#SundaySchool: How do I ride a circle without my horse falling in?

  • Lesley Peyton-Gilbert (pictured), a senior assessor for the British Equestrian Federation futurity programme, has trained horses from youngsters to international grand prix, including stallions ZV Lagos and Woodcroft Garuda K. She has lived in the Netherlands and Germany, where she was trained by Ellen Bontje, Tineke Bartels and Ulla Salzgeber.

    Training the stars

    This is an exercise I use with all my young horses, but it is especially helpful for riders; it teaches them about timing, by half-halting and putting the leg on, after each pole.

    In your test sheets, you may see the comment “on inside shoulder”. The judge is referring to a balance issue: the horse has fallen in on the inside shoulder on the circle — it feels as if the inside foreleg has become shorter. Learning how to ride a correct circle will encourage better engagement and balance, and result in higher marks.

    Tackling the issue

    1. I use the “50p coin” exercise with all riders and young horses — it encourages the hindleg to step under the body, helping engagement of the hindlegs and the connection between inside leg and outside rein. I had the idea for it when thinking of a circle as a train with carriages going through a bend.

    2. Build an octagonal shape with poles on the ground (see diagram, above), using almost the entire width of the arena (about 18 metres). Ride just outside the poles, making sure you are parallel to them — use eight poles in the beginning so you get the feeling of riding parallel between two reins at all times. Later, as you become more proficient, you can remove some or all of the poles.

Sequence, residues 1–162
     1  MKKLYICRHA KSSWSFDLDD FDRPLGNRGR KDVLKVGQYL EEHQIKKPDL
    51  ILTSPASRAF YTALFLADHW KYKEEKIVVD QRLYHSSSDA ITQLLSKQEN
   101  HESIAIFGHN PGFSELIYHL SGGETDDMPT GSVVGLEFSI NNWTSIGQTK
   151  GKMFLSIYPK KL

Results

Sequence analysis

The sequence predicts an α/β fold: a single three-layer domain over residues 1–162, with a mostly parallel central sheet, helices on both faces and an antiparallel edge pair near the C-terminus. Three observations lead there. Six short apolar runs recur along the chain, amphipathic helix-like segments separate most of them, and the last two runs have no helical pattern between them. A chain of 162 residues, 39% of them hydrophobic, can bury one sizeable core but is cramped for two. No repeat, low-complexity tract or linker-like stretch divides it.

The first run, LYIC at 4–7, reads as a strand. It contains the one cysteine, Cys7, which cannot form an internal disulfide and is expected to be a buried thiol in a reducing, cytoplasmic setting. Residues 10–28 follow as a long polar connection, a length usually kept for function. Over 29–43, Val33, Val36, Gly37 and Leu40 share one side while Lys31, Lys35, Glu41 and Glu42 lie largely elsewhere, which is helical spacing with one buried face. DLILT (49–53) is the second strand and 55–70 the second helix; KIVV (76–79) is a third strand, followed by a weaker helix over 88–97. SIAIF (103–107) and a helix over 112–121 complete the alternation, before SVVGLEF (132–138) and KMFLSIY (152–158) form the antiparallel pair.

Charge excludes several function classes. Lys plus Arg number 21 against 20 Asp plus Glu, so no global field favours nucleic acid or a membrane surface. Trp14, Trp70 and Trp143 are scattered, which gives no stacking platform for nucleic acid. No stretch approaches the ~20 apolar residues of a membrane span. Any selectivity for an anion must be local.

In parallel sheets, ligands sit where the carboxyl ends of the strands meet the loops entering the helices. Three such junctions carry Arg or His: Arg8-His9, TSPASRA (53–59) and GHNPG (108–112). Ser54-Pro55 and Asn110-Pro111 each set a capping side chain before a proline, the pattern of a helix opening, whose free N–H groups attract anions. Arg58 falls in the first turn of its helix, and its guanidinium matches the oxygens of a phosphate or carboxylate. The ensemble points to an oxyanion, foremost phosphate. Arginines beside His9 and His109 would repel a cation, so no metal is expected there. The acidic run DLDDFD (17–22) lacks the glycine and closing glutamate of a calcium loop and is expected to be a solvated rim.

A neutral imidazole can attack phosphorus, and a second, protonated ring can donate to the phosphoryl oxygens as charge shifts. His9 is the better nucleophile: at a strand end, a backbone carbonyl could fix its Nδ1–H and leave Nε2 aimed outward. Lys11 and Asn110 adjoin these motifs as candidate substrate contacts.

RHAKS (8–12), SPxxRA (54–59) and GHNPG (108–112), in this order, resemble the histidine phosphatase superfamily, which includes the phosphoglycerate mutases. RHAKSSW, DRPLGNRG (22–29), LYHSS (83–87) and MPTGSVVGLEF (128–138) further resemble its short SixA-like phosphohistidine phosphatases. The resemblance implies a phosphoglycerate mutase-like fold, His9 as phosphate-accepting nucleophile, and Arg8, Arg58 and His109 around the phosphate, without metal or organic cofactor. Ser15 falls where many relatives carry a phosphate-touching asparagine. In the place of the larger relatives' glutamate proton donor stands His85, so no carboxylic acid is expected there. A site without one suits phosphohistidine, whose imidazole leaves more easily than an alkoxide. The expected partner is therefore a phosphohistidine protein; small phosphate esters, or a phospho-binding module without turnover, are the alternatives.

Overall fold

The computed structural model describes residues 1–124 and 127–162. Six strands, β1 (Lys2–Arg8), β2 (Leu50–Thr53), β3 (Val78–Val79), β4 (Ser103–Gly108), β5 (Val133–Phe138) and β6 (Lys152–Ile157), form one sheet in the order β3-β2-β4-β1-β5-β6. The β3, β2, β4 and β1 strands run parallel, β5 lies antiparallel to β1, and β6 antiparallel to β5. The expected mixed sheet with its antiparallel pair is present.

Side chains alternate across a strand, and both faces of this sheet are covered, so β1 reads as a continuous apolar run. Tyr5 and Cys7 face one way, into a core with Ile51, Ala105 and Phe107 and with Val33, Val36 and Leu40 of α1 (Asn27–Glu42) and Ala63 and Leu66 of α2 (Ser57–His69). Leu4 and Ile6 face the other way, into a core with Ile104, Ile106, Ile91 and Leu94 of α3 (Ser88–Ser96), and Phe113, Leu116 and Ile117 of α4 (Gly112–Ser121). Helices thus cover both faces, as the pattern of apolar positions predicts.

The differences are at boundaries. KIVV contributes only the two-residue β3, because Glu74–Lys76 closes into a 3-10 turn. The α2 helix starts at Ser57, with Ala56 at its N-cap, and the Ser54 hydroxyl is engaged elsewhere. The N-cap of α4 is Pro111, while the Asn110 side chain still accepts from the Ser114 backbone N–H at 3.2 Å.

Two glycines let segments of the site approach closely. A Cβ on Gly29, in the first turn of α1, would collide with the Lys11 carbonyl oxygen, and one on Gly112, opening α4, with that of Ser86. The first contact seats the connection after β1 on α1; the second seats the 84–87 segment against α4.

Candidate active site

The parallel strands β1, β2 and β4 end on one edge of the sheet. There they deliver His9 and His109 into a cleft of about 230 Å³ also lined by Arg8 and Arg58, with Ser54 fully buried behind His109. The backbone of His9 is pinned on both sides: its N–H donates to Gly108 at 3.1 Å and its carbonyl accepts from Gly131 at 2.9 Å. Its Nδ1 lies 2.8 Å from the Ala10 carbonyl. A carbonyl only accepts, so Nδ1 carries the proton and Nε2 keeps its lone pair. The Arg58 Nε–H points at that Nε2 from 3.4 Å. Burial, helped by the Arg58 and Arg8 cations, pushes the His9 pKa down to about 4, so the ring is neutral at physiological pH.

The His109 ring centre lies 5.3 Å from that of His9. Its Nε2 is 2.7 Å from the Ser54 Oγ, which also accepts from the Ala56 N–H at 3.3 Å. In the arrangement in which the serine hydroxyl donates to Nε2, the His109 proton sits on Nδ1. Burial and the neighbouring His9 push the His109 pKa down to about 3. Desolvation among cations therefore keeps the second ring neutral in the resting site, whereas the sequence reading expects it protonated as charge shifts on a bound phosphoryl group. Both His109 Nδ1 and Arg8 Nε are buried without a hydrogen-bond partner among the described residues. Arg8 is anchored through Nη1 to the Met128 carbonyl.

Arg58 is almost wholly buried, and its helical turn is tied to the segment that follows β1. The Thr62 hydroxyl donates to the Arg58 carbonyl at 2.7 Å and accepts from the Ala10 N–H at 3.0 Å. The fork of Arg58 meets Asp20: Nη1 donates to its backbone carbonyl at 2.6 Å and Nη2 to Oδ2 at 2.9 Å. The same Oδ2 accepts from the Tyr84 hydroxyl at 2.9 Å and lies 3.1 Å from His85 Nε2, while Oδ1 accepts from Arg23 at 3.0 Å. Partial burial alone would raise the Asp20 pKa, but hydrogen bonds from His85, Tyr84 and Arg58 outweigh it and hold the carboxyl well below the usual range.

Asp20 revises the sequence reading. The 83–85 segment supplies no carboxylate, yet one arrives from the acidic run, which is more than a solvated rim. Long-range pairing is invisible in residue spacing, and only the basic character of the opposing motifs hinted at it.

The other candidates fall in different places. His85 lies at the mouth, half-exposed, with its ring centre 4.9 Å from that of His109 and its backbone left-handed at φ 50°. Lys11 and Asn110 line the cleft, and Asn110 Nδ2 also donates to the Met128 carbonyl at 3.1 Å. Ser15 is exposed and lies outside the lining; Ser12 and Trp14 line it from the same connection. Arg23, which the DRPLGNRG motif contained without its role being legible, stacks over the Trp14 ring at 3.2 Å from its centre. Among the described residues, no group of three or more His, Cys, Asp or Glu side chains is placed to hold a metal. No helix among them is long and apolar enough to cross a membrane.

Remember that the horse has width, so the outside of the horse’s body has farther to go on a turn or a circle. We need to use our leg, light and quick, to encourage the horse to use his legs in the same way and step under — with the inside leg to carry weight, and with both outside legs to drive the turn.

    If, on the turn, the horse steps against the inside rein, then you know he’s stepping against the inside leg, so this is the moment to use the inside leg to ask him to step forward and not “fall in”.

    Conversely, should the horse fall out through the outside shoulder, correct him using the outside rein along the line of the body, not away from the neck.

    The outside rein is there to provide support, and effectively contains the energy of the inside hindleg.

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    Consider this

    • Sit “inside” your horse’s forelegs — so don’t lean in or over the inside shoulder through turns and circles. To prevent this happening, think of the point between the horse’s ears as a table to rest a tea cup on. You don’t want the tea to spill, so look through the ears and keep that point level through all turns and circles. This will also ensure the horse isn’t tilting.
    • Never push down or pull back on the inside rein. Thumbs must be up, and thumbnails must face the direction of the ears. There should be a small gap between the inside rein and the neck — I like to put my fingers inside this gap.

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